In a world first, Counter Ransomware Initiative (CRI) members have signed a joint statement denouncing ransomware and payments being made to cyber criminals.
Led by the UK and Singapore, members of the CRI affirmed today (2 November) that relevant funds from central government should not be used to pay a ransomware attacker – the first international statement of its kind.
It sends a clear message that the global community strongly opposes ransomware payments and is committed to disrupting organised cybercrime.
The statement was signed on the same day the UK hosted the first ever global summit on artificial intelligence at Bletchley Park and is another demonstration of the UK’s leadership on cyber and tech issues globally.
Security Minister Tom Tugendhat said:
Crime should not pay. That’s why the UK and her allies are demonstrating leadership on cybersecurity by pledging not to pay off criminals when they try and extort the taxpayer using ransomware.
This pledge is an important step forward in our efforts to disrupt highly organised and sophisticated cyber criminals, and sets a new global norm that will help disrupt their business models and deter them from targeting our country.
Ransomware criminals typically access a computer through a malicious piece of software and then often encrypt or steal data. The victim is then told that the offenders will decrypt or return the data in exchange for a large fee, paid in cryptocurrency.
The joint statement makes clear that paying a fee only serves to benefit these organised criminals and provides an incentive to continue offending. It does not guarantee the release of data or the removal of malware from an affected network.
The CRI is the only dedicated multilateral body that the UK and international partners use to develop robust and effective policies and practices to enhance the global response to ransomware.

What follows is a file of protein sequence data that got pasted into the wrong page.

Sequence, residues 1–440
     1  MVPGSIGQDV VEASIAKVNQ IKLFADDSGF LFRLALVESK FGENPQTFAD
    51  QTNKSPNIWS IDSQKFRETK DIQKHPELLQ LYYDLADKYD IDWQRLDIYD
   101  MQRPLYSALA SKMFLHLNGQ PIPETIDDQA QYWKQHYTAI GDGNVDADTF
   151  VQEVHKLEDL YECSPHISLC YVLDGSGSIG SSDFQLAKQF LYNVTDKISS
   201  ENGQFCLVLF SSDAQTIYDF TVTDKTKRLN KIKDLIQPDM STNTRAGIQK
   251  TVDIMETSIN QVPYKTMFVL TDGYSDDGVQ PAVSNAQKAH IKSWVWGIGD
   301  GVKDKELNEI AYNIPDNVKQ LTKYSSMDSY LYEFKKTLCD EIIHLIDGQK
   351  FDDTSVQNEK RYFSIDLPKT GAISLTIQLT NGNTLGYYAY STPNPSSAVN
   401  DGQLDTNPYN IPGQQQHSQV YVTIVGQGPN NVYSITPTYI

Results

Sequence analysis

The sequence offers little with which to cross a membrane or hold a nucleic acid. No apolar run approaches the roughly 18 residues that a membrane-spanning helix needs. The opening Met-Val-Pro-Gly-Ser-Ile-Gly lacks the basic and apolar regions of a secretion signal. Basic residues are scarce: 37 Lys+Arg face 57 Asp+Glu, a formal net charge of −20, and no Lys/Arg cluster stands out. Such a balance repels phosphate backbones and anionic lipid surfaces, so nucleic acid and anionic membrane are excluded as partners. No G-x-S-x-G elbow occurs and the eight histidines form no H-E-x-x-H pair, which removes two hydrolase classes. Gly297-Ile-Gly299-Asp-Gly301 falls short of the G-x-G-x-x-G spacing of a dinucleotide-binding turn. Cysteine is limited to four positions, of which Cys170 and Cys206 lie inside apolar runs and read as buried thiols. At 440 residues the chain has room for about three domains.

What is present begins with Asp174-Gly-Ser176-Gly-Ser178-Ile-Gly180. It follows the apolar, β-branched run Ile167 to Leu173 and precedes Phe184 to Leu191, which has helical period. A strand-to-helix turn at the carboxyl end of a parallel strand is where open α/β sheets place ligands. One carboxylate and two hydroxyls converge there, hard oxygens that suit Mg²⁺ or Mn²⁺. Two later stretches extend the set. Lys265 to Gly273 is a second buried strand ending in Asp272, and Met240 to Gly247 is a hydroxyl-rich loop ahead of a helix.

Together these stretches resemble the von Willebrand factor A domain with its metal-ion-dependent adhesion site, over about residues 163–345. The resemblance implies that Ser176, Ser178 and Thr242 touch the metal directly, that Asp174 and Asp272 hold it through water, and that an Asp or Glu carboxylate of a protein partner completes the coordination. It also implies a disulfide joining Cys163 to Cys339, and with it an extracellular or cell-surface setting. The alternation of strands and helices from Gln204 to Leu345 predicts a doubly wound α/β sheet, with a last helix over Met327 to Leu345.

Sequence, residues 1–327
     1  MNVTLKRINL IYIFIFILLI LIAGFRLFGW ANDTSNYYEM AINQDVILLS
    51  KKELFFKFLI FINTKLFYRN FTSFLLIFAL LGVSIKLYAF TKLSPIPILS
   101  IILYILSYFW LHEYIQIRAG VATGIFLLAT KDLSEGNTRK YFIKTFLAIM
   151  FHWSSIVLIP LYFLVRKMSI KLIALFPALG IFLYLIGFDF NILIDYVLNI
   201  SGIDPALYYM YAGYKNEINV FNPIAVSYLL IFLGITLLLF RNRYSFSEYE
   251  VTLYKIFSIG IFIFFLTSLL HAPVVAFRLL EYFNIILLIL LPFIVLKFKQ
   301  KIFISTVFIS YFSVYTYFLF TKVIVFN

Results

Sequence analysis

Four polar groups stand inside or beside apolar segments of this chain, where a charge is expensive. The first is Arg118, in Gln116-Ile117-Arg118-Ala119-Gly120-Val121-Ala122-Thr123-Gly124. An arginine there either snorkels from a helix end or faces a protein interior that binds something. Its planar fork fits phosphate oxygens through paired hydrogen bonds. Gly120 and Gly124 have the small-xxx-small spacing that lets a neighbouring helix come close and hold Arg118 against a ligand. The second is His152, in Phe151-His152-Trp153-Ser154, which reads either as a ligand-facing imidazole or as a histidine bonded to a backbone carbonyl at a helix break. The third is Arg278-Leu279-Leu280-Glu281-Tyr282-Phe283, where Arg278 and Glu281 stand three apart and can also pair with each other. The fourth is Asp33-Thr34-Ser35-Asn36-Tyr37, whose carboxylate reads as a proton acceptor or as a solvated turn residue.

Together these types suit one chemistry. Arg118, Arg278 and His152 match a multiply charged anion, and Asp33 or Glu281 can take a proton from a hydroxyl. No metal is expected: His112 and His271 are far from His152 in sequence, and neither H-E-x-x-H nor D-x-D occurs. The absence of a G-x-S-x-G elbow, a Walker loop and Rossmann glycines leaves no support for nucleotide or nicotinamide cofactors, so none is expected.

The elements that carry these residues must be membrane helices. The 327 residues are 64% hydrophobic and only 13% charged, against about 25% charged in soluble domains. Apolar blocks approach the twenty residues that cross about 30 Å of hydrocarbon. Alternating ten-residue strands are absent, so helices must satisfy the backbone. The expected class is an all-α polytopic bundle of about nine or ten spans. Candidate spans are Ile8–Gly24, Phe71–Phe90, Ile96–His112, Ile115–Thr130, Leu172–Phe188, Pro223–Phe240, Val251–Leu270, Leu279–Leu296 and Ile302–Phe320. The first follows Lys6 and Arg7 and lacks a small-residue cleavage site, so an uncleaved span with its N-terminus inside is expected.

A key ambition of the UK, and all international partners within the CRI, is to stem the flow of money to cyber criminals and build collective resilience through international cooperation and engagement.
Felicity Oswald, NCSC Chief Operating Officer, said:
Ransomware poses a significant threat to organisations in the UK and around the world and so international collaboration is essential for bearing down on cyber-criminal operations.
The joint statement today demonstrates that the UK and a likeminded community of countries do not support payment of online criminals as we know this only makes the threat landscape worse for everyone.
Many ransomware incidents can be prevented by ensuring that appropriate security measures are in place. We strongly encourage organisations to follow NCSC advice to effectively mitigate the risks and help protect themselves online.
It has been a long-standing policy that the UK government will never meet the demands of ransomware actors, and no fee has ever been paid by central government, but this is the first time the position has been publicly confirmed.
Further to this, the National Crime Agency’s Strategic Risk Assessment 2023 states that the biggest threat comes from Russian-speaking crime groups who are tolerated by, and sometimes linked to, the Russian state.
The UK’s cyber resilience, however, is among the strongest in the world and the government has taken steps to enhance the nation’s defences. This includes the NCSC’s online ransomware hub, which is accessible through their website and provides expert information and practical advice for organisations.
The UK additionally has the capability to work with international partners to target and disrupt cyber criminals.
This includes 2 comprehensive sanctions packages which were issued in unison with the United States. The sanctions targeted 18 Russian-speaking cyber criminals who were responsible for extorting at least £150 million ($180 million) from victims globally. In the UK there were 149 victims who collectively lost £27 million.
The National Crime Agency has additionally been involved in several high-profile operations which have led to the shutdown of prolific organised crime groups. This includes HIVE, which provided ransomware software to cybercriminals and extorted more than $100 million.
The statement was agreed by all countries present at the Summit. The statement, and the list of signatories, can be viewed on GOV.UK.
The CRI was created in 2021 and is chaired by the United States. Membership is voluntary.